Studies in human anatomy began at Queen's when the Faculty of Medicine was established in 1854. The first professor was surgeon John Stewart, who also delivered Queen's first ever medical lecture on November 6, 1854.
For more than 100 years, the two basic divisions of the discipline were gross anatomy and surgical anatomy, which were studied through lectures and dissection (gross anatomy is basic anatomy used by people in all medical fields, whereas surgical anatomy is anatomy relevant to surgical procedures).
Since the 1950s, the department's work has expanded into the fields of Cell Biology, Histology (the study of organic tissues), Anthropology, and the Neurosciences.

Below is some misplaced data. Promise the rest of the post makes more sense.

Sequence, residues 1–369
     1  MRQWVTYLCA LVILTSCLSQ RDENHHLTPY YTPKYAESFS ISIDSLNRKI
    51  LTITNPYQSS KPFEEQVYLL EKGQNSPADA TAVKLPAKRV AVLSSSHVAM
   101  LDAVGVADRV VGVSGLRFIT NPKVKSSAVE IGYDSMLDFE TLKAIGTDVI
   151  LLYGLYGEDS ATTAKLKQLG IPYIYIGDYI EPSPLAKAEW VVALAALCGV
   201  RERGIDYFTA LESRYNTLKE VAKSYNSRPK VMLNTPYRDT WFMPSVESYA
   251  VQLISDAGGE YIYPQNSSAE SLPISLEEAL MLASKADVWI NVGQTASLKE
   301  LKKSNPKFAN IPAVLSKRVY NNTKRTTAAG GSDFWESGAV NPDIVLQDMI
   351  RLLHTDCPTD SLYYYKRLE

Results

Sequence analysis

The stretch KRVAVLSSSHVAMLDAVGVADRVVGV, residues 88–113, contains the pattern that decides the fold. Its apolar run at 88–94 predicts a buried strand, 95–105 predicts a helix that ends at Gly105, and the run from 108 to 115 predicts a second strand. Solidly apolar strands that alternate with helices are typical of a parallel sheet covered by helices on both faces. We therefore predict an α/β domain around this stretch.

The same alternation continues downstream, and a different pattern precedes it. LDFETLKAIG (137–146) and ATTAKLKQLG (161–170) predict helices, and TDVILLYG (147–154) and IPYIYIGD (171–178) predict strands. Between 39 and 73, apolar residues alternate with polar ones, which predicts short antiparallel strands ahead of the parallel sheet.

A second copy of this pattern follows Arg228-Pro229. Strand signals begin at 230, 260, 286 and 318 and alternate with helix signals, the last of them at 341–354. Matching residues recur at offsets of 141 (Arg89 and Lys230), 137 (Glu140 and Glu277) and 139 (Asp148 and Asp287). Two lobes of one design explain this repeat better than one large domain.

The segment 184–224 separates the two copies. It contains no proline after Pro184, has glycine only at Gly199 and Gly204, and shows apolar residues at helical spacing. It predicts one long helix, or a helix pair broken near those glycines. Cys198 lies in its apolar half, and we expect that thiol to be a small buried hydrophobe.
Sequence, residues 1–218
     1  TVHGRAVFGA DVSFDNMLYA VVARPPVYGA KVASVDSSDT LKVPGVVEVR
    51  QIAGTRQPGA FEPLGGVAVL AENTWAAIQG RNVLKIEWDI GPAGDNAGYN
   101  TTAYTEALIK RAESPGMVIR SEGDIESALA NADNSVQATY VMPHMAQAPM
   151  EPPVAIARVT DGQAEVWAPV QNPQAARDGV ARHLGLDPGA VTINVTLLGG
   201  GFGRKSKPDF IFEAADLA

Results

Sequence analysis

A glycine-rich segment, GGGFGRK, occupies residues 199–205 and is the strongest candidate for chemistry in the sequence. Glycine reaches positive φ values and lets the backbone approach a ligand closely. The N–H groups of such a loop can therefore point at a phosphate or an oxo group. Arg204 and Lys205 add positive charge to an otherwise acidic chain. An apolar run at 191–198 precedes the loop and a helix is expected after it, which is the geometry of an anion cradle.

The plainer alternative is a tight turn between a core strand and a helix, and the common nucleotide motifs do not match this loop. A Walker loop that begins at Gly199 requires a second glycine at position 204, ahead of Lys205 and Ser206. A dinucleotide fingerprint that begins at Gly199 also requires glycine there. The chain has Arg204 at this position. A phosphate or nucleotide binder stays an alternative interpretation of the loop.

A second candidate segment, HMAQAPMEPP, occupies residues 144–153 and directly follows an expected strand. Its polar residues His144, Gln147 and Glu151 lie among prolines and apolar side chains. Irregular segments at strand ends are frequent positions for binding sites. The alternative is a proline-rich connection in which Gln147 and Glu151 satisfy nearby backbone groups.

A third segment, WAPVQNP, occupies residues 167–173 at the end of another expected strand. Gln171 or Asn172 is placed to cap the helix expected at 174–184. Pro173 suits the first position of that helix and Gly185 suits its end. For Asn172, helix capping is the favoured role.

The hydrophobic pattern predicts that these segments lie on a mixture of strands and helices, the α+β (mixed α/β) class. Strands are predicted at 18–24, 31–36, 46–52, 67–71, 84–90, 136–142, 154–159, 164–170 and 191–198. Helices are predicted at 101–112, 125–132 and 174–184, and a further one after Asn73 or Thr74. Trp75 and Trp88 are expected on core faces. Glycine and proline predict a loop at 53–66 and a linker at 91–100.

Originally called the Department of Anatomy, it was renamed the Department of Anatomy and Cell Biology in 1993 to more accurately reflect its work.
On June 1, 2011 the Department of Anatomy and Cell Biology, along with Biochemistry, Microbiology and Immunology, Pharmacology and Toxicology and Physiology amalgamated under a single academic known as Biomedical and Molecular Science...